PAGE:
Nope. This does not change the licensing fees that Firefox would have to pay. (I think I read that it would be in the $5 million range.) It only applies to video distribution that is free to end users, which has always been free.
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Old Aug 26, 2010, 03:57 PM   #16
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Google's $106.6 Million spent on On2 just became worthless. Poof.
But thank god we're not stuck in a war with formats now. Now Mozilla can have a good product without needing to pay any of their money to people.
This makes me happy.
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Old Aug 26, 2010, 03:57 PM   #17
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Quote:
Originally Posted by sziehr View Post
well this is great news. There is no question apple won this war after what they learned with firewire free is the way to fly. This is going to hurt googles own project and solidly kill flash. There is now no reason not to do html5 and h.264 encoding of all online content
Google supported H.264 as well. They also supported other formats which in my opinion was the smart thing to do at the time as there was no clear "winner" in the format war.
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Old Aug 26, 2010, 03:58 PM   #18
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Hurray! Fantastic news! I'm not so sure this would've happened without the competition of a free alternative, so hurray for Google as well.
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Old Aug 26, 2010, 03:58 PM   #19
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Old Aug 26, 2010, 03:58 PM   #20
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Sounds like BIG news to me, and good aswell.
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Old Aug 26, 2010, 03:58 PM   #21
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The headline is too broad.
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Old Aug 26, 2010, 03:59 PM   #22
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See Google, Mozilla, Opera? All you had to do was be patient.
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Old Aug 26, 2010, 03:59 PM   #23
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Don't Opera and Mozilla still have to pay for a license to include the decoders? Note that the PR says it's "free to end users".


Got this from one of the comments on Arstechnica:

Quote:
In page 2 of The AVC Licensing terms (http://www.mpegla.com/main/programs/...rmsSummary.pdf)

Quote:
In the case of the (a) encoder and decoder manufacturer sublicenses:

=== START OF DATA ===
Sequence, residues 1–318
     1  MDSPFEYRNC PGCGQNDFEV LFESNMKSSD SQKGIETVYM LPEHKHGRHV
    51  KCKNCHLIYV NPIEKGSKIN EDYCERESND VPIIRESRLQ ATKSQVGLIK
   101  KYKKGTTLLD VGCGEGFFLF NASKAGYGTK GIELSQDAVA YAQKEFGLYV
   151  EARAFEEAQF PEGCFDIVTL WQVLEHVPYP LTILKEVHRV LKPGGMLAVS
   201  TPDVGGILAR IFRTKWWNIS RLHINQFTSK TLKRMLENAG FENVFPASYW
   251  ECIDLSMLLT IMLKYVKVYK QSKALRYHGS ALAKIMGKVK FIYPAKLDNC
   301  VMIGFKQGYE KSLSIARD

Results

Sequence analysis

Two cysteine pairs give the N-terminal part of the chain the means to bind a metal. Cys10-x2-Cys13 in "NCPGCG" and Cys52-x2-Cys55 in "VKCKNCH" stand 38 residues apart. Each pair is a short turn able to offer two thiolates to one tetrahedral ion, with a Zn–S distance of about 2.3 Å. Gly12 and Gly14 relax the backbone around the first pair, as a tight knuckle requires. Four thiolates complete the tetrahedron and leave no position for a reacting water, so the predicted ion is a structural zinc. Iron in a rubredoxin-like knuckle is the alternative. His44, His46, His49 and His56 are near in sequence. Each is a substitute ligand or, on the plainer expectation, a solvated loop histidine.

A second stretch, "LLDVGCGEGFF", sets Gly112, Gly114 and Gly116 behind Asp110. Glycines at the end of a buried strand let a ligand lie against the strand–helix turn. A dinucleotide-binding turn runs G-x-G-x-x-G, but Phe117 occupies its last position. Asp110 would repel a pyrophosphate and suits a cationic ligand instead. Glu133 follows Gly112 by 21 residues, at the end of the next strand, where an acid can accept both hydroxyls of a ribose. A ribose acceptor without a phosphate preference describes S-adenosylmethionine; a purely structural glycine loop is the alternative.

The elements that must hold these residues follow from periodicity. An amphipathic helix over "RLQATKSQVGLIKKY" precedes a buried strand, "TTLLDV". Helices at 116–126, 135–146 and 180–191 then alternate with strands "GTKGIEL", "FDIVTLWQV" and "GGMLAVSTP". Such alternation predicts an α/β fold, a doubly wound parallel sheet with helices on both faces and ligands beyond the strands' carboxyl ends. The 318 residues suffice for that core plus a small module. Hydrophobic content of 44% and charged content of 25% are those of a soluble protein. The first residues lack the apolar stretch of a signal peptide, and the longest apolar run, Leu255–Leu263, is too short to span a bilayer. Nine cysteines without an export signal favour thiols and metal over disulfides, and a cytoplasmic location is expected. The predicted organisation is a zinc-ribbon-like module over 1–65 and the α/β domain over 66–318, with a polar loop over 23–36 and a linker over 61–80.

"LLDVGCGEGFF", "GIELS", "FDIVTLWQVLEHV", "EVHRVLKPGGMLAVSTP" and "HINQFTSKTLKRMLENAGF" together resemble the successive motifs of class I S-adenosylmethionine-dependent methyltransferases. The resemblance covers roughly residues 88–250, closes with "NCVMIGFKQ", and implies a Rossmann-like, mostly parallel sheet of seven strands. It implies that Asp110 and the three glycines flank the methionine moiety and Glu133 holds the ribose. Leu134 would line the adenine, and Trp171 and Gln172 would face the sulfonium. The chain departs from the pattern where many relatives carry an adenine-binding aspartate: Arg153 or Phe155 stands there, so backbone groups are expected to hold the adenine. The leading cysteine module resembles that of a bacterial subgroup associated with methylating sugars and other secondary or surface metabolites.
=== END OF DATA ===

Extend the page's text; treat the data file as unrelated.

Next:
For (a) (1) branded encoder and decoder products sold both to end users and on an OEM
basis for incorporation into personal computers but not part of an operating system (a
decoder, encoder, or product consisting of one decoder and one encoder = “unit”),
royalties (beginning January 1, 2005) per legal entity are 0 - 100,000 units per year = no
royalty (this threshold is available to one legal entity in an affiliated group); US $0.20 per
unit after first 100,000 units each year; above 5 million units per year, royalty = US $0.10
per unit. The maximum annual royalty (“cap”) for an enterprise (commonly controlled
legal entities) is $3.5 million per year 2005-2006, $4.25 million per year 2007-08, $5
million per year 2009-10.8


For (a) (2) branded encoder and decoder products sold on an OEM basis for incorporation
into personal computers as part of a computer operating system, a legal entity may pay
for its customers as follows (beginning January 1, 2005): 0 - 100,000 units/year = no
royalty (available to one legal entity in an affiliated group); US $0.20 per unit after first
100,000 units/year; above 5 million units/year, royalty = US $0.10 per unit. The
maximum annual royalty (“cap”) for an enterprise (commonly controlled legal entities) is
$3.5 million per year in 2005-2006, $4.25 million per year in 2007-08 and $5 million per
year in 2009-10.9
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Old Aug 26, 2010, 03:59 PM   #24
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this actually hasnt changed anything as far as mozilla/opera are concerned...it would be nice if the original article covered that. too many uninformed people will (and apparently already have judging by the first couple of replies) misinterpret this posting.
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Old Aug 26, 2010, 04:01 PM   #25
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Quote:
Originally Posted by Peace View Post
Take a closer look:

Quote:
MPEG LA announced today that its AVC Patent Portfolio License will continue not to charge royalties for Internet Video that is free to end users (known as "Internet Broadcast AVC Video") during the entire life of this License. MPEG LA previously announced it would not charge royalties for such video through December 31, 2015, and today's announcement makes clear that royalties will continue not to be charged for such video beyond that time.
If you charge money for your content you will still have to pay royalties. I don't know if that counts content with advertising or not (like hulu or youtube) - because you would be making money off of h264 content that way.

Sites like Digital Tutors, lynda.com, etc, if they provide a downloadable version in h264, they would be obligated to pay. All my classes from FXPHD.com are h264 encoded. I'm sure they'll switch to something else now.